Beth Golay

Director of Marketing and Digital Content

Beth Golay serves as KMUW's Director of Marketing and Digital Content.

She is the founder and editor of Books & Whatnot, providing marketing support to bookstores around the world through her newsletter and website. Prior to launching Books & Whatnot, Beth was the marketing manager at Watermark Books & Cafe for 13 years. In fact, she represented Watermark as the KMUW book review commentator for 2 years while she was at the bookstore.

Beth's favorite genre is literary fiction, but she also loves creative non-fiction and reading the classics she should have attempted a long time ago. Her greatest reading accomplishment is a toss-up: Reading four books in one weekend (documented in January 2004) or completing the 1438 pages of Dumas’ The Count of Monte Cristo.

In addition to "reader" you can add "artist" and "runner" to her interest list. Beth is currently trying to run a marathon in every state. She has a long way to go.

Ways to Connect

Marginalia: Josh Barkan

Mar 17, 2017

In today’s podcast, I visited with Josh Barkan about his new book of stories, Mexico. He has divided his time between the United States and Mexico for several years, and many of these stories were derived from personal experience, as Josh explains in our conversation.

Here he is:

And if you listened to the Marginalia on air, here's what you heard:

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Mexico: Stories was published by Hogarth.

Thanks for joining us for Marginalia. Discover new episodes at kmuw.org or through iTunes. Marginalia was produced at KMUW - Wichita.

Anna Ty Bergman

When retracing her steps back to her initial love of literature, author Lyndsay Faye says it began with her father when she was 10 years old.

“When I was done with Nancy Drew he essentially told me that I should read the Sherlock Holmes mysteries. And I said, 'Well yeah, that sounds like a great idea.' And my uncle gave me a very pretty copy of The Adventures of Sherlock Holmes," says Faye. "And I'm grateful to both of them because it just changed my entire life."

Marginalia: Elan Mastai

Mar 3, 2017
David Leyes

Although All Our Wrong Todays is Elan Mastai’s first novel, it’s not his first go at telling a story. It’s just a different medium. You see, Mastai comes to literature from the movie industry. He has written and produced movies such as “Alone in the Dark,” “The Samaritan” and “What If.” Perhaps it’s his background in film that makes All Our Wrong Todays so visually appealing. And there’s not an image to be seen.

With over 110 million copies of his books in print, chances are you’ve heard the name of author David Baldacci. His first book, Absolute Power, was adapted into a film starring Clint Eastwood. His books have been published in over 45 languages and in more than 80 countries. But it was because of this literary success that Baldacci wanted to avoid preferential treatment when it came to publishing his Vega Jane series for young readers.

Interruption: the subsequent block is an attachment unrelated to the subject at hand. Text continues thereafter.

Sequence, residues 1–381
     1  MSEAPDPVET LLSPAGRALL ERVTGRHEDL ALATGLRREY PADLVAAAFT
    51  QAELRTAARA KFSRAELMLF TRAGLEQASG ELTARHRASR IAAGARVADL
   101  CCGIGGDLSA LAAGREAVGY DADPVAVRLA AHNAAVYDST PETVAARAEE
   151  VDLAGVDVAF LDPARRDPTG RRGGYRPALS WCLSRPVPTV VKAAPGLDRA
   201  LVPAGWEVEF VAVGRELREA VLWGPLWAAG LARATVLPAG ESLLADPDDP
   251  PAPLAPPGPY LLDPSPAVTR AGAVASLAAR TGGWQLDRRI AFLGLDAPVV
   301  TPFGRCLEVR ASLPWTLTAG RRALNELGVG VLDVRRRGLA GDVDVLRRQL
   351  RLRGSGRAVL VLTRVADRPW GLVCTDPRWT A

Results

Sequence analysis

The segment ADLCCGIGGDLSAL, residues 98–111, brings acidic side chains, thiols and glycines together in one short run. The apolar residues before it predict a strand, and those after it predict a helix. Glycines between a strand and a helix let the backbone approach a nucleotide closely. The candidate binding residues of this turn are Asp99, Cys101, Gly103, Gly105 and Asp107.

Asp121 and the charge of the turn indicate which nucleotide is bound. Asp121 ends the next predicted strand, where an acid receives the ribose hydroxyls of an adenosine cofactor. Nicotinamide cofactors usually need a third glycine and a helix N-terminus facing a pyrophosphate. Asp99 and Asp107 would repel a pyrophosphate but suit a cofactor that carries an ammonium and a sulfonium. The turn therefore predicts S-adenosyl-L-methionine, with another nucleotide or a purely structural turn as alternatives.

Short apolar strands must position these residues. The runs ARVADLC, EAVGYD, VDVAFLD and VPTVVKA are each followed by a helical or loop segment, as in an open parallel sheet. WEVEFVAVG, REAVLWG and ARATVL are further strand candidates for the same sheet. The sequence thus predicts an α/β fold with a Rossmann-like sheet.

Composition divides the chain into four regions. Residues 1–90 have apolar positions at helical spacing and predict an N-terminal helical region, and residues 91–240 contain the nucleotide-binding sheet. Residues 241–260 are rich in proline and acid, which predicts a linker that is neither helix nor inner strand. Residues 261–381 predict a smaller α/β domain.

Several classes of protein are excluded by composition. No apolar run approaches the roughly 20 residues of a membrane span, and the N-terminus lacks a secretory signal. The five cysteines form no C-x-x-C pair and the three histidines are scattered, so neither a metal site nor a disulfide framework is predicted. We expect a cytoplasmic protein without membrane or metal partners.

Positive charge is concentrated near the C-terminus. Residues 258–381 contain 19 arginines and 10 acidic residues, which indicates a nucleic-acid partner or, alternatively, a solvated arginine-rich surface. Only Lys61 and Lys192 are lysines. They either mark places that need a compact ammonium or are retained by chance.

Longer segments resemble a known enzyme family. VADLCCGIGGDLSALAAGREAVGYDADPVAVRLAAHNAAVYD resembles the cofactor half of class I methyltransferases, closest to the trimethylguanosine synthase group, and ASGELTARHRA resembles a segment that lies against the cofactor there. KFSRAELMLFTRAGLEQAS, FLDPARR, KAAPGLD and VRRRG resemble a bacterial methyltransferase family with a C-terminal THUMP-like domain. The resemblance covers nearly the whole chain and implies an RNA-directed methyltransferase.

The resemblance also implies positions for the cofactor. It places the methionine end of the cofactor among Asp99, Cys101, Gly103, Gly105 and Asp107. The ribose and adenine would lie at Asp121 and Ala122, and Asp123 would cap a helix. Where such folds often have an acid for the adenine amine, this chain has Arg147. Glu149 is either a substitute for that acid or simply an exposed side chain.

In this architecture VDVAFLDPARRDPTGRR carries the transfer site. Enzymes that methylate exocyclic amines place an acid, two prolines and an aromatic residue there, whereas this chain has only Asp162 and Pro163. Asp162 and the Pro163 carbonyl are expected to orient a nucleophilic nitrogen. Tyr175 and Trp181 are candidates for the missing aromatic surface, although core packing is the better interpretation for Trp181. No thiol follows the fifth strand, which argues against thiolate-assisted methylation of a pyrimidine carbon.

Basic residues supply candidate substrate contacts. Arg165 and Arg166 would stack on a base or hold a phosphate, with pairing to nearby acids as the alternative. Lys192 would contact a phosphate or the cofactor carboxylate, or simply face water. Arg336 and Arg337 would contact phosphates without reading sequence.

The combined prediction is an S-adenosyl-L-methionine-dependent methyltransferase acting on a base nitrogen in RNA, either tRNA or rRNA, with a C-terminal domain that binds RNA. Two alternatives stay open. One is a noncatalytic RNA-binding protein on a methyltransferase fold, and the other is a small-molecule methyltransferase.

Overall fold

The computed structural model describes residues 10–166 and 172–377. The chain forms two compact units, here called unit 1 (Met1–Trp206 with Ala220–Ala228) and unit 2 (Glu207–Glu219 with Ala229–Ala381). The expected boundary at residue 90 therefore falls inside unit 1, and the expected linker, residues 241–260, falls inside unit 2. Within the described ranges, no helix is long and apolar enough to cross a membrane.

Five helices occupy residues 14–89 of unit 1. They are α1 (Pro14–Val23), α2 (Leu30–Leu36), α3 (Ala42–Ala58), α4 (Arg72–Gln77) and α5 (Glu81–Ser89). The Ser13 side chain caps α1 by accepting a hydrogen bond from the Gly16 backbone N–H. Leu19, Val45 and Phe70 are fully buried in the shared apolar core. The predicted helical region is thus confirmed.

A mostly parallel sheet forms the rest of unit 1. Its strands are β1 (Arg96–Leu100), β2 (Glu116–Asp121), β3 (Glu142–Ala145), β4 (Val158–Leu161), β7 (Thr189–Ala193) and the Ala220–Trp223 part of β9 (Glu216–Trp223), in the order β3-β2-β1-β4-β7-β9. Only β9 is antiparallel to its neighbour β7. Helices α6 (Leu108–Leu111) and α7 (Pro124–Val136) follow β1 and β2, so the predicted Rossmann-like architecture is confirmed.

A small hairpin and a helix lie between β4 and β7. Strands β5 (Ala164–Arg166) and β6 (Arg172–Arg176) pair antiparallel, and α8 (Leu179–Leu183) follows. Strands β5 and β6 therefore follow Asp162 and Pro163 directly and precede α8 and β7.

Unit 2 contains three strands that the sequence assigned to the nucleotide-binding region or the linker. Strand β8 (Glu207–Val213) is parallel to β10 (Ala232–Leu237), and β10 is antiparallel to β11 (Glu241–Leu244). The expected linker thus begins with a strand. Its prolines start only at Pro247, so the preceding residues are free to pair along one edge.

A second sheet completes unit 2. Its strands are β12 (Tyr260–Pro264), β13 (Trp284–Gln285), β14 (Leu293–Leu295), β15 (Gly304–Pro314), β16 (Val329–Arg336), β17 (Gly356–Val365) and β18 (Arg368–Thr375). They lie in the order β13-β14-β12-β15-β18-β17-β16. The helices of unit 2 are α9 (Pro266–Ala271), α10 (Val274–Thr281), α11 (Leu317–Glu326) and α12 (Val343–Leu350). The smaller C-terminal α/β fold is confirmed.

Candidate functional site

Marginalia: Alex George

Feb 17, 2017
Shane Epping

Alex George is a novelist, a teacher, a lawyer, and founder of the Unbound Book Festival, which is held in Columbia, Missouri. 

Novelist. Teacher. Lawyer. Book Festival Founder. These are not small jobs. How does one juggle them all? I recently asked Alex George that question and more about his latest his latest book, Setting Free the Kites. Here’s our conversation:

And if you listened to the commentary on-air, this is what you heard:

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Setting Free the Kites was published by Putnam.

Adrian Harvey

I’ve been waiting for this moment forever. Well, since October… that’s almost forever. Right?

Last October, a bookseller friend recommended that I read Swimming Lessons by Claire Fuller. He was pretty insistent, and he tends to have impeccable reading taste, so I contacted the publisher to request an advance reading copy. The release date was February 7.

Emma Trim

We’ve all heard the warning, “Don’t judge a book by its cover.” We should probably add “don’t judge a book by it’s title” to the list of literary pitfalls to avoid. That’s especially the case with it comes to Brit Bennett’s The Mothers.

Marginalia: Keir Graff

Jan 20, 2017

Keir Graff is the executive editor for Booklist publications, the author of four books for adults, and also books for young readers. His second book for young readers, The Matchstick Castle, was just published on January 10.

I recently spoke with Keir about his job, the new book, and the differences between writing books for adults and young readers, and how The Matchstick Castle has found favor with a sometimes tougher audience… boys.

Here's our conversation:

And if you listened to the commentary on-air, this is what you heard:

Marginalia: Tim Harford

Jan 6, 2017
Fran Monks

Why does the word “messy” have such a negative connotation? Messy desks. Messy rooms. Messy lives. It shouldn’t, according to Tim Harford. In his new book, Messy: The Power of Disorder to Transform Our Lives, he uses research in neuroscience, psychology, and social science to explain why should embrace messiness instead of resist it. And how the creativity, responsiveness, and resilience we crave rely on the disorder, confusion, and disarray require to produce them.

 

 

One year ago, December 2015, we had an idea here at KMUW. 'Wouldn't it be great,' we thought, 'if we could talk with the authors of the books we were reading for Literary Feast? Wouldn't it be great if we could gain some insight before our book club discussion?'

And in that moment, Marginalia was born.

It was our first foray into podcasting, and we discovered that we love the platform. And we also discovered that we wanted to expand Marginalia to include other authors beyond Literary Feast.

 

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